When the world becomes complicated and painful, what’s the role of a pastor in the lives of his parishioners?

Bishop James Greenleaf and his daughter Grace fundamentally disagree over that question. That tension rises to the fore when a couple who belong to Calvary Fellowship World Ministries call Grace to the hospital. Their son, Joshua, was born prematurely, at 25 weeks. The child faces many challenges, including a malrotated bowel, which occurs when the intestines are twisted in utero. He’s been in and out of hospitals ever since.

After Joshua was born, the doctor said that, if he lived, he would continue to have major problems. Joshua’s father wanted to spare his infant son a lifetime of pain. His mother, however, wanted to do whatever it took to keep him alive—which was only reinforced when the bishop told her that it was all a part of God’s plan.

Grace believes that, in his way, the bishop is giving the family false hope, which will lead to more pain. As Joshua is rushed into surgery once again, Grace and the bishop have a hard conversation about what pastoring really means.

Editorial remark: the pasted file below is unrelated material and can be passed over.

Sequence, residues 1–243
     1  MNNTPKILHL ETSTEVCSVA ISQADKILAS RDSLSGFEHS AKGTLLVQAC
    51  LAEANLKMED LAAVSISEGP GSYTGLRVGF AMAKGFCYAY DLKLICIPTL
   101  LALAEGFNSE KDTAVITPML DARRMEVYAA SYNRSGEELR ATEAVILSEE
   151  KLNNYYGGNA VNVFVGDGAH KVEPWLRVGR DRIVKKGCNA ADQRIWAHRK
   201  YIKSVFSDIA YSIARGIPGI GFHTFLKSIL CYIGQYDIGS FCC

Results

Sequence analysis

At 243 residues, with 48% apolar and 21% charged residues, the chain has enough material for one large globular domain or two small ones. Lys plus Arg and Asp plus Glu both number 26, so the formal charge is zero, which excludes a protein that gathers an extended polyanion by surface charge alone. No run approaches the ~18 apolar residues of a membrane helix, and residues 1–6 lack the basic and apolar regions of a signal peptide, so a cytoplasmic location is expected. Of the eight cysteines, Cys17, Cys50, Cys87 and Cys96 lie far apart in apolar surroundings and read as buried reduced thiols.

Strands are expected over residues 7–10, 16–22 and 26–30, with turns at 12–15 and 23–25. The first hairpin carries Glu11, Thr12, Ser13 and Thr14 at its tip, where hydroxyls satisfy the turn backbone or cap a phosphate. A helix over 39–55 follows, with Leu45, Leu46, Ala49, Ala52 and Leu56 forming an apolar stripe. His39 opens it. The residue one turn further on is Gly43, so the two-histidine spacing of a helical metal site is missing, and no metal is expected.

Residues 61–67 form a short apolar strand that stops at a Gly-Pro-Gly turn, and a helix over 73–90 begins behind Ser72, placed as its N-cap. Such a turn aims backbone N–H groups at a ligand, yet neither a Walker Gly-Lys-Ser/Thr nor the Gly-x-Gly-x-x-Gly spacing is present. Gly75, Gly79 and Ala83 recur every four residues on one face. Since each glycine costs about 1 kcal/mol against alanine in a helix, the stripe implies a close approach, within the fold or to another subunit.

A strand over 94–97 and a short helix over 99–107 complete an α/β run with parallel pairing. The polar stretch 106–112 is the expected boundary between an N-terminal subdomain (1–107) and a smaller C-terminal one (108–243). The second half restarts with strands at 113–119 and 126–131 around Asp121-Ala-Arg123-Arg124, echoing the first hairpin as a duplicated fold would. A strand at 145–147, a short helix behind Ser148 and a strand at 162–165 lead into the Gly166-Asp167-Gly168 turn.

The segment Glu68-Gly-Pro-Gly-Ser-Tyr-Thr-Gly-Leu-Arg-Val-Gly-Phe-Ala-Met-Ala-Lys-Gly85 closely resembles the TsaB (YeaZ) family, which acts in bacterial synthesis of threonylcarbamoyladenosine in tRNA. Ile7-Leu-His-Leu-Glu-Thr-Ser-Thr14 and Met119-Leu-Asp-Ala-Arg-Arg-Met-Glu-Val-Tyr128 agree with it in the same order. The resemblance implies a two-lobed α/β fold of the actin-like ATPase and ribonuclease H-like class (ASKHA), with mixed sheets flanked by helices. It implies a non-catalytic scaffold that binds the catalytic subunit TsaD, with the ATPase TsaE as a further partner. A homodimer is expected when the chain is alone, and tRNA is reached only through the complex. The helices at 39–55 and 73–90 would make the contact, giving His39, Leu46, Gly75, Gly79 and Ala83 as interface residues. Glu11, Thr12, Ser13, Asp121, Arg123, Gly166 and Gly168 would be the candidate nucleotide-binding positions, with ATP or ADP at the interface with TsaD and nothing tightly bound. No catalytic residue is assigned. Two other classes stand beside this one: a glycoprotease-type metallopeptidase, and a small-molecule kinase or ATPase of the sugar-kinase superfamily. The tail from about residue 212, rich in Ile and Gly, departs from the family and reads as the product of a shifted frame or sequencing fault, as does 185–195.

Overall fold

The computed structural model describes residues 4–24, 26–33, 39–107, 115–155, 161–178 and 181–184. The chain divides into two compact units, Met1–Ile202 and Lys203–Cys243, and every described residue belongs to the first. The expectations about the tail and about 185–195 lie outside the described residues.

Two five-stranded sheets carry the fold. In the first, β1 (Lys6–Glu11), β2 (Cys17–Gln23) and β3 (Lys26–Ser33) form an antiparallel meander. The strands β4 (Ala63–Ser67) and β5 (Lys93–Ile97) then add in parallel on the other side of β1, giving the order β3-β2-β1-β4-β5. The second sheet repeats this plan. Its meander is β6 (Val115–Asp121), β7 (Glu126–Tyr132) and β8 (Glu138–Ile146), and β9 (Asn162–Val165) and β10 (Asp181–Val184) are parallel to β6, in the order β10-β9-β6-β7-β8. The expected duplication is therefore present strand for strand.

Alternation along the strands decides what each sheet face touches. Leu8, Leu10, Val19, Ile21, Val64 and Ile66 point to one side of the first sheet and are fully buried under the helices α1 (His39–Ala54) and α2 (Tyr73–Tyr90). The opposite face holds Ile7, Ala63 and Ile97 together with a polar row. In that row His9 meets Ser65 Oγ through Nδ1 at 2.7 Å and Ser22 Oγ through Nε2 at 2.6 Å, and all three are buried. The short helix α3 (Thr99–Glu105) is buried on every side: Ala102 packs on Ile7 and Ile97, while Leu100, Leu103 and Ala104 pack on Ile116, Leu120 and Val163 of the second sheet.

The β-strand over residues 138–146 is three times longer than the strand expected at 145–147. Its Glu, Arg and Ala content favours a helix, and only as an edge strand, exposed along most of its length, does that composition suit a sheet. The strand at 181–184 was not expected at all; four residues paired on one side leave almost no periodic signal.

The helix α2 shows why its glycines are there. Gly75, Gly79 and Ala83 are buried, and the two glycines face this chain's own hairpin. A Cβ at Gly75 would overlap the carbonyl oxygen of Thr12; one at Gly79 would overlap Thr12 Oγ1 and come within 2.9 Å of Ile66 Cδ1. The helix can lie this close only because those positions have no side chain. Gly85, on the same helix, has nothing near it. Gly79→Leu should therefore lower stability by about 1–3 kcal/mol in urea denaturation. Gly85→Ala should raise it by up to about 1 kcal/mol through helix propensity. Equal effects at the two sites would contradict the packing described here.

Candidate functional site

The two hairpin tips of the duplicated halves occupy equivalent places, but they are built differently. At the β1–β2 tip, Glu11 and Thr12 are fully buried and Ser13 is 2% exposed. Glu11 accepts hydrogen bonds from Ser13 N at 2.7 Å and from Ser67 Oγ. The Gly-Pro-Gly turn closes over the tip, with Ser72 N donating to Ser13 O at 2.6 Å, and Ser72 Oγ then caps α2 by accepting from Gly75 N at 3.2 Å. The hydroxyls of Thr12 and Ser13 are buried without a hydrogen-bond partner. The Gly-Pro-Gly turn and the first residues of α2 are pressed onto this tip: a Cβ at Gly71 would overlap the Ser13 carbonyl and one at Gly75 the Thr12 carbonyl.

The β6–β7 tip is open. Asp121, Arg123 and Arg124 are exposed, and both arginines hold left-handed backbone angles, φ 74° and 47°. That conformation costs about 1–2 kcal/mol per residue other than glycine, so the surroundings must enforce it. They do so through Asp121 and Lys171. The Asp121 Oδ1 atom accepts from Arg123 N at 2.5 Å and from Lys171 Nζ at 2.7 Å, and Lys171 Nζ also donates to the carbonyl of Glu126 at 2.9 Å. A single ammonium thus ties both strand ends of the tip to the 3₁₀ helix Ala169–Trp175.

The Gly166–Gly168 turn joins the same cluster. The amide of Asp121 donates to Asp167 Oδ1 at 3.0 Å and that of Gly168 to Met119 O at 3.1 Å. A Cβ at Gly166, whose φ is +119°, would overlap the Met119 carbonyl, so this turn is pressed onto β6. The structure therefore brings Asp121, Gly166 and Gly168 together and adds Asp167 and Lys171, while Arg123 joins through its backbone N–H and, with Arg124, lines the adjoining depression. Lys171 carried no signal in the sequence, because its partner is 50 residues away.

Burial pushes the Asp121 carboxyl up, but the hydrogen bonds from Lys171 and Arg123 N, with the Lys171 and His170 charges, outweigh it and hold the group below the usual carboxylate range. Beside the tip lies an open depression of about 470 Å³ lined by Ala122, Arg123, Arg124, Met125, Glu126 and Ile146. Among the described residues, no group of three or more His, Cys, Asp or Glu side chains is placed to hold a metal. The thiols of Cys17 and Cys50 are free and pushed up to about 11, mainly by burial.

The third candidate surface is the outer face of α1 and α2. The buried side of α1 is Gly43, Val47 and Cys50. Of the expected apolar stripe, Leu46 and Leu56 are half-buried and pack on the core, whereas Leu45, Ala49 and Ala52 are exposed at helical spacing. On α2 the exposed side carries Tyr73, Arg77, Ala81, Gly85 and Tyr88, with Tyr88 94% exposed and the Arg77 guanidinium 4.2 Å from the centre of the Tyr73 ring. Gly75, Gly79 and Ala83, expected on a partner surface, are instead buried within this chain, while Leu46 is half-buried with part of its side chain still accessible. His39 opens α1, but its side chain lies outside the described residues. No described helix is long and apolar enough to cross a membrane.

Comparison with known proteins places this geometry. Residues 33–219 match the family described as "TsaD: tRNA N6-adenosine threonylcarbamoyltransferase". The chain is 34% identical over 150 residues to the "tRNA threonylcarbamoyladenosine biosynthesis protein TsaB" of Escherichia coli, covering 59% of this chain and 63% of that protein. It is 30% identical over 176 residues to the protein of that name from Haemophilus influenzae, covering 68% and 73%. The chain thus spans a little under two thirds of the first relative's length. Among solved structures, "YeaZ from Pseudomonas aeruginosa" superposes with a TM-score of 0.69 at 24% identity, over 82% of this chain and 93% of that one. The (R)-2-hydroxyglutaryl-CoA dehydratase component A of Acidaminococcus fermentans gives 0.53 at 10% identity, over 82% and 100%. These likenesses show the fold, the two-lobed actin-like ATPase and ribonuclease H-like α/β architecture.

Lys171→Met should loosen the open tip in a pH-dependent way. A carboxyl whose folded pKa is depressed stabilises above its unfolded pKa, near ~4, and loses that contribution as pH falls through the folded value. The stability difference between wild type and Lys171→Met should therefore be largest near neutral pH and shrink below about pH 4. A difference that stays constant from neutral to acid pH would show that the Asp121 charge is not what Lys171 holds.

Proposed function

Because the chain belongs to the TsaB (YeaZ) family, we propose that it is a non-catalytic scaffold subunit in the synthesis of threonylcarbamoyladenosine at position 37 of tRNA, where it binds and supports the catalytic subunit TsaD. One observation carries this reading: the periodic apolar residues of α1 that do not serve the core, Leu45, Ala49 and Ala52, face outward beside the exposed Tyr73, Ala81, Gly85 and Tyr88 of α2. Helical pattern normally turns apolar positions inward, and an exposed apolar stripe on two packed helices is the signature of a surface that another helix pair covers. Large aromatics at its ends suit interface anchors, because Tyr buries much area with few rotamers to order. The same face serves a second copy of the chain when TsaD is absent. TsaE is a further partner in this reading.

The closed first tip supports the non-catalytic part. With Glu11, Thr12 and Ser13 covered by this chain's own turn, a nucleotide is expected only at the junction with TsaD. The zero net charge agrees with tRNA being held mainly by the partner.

“Don’t go tell them everything’s going to be just fine, please,” Grace says.

Surprised, the bishop says, “I’ve never told anyone anything that absurd in my life.”

“Okay, but you’re going to tell them that God has a plan for that boy, for the family, that his eye is on them,” Grace says.

“Which is true,” the bishop says.

“Daddy, don’t give them hope.”

“Why?”

“Because it hurts.”

“Where is this coming from?” the bishop says, becoming impatient with Grace.

“The father told me yesterday—” Grace starts.

“Gigi,” the bishop says, interrupting, “that man has been beset by a spirit of despair since the day he was born.”

“Just, just, listen to me…for once,” Grace says. “Just pray that God’s will is done. Don’t pray for health. Don’t pray for safety. Just…just pray for God’s will. Please.”

The bishop looks taken aback. He collects himself and, before proceeding to find and attend to Joshua’s family, says, “I can’t promise you what I’ll say, but I assure you I will listen for the Spirit’s say-so, as I always do, before I utter a word.”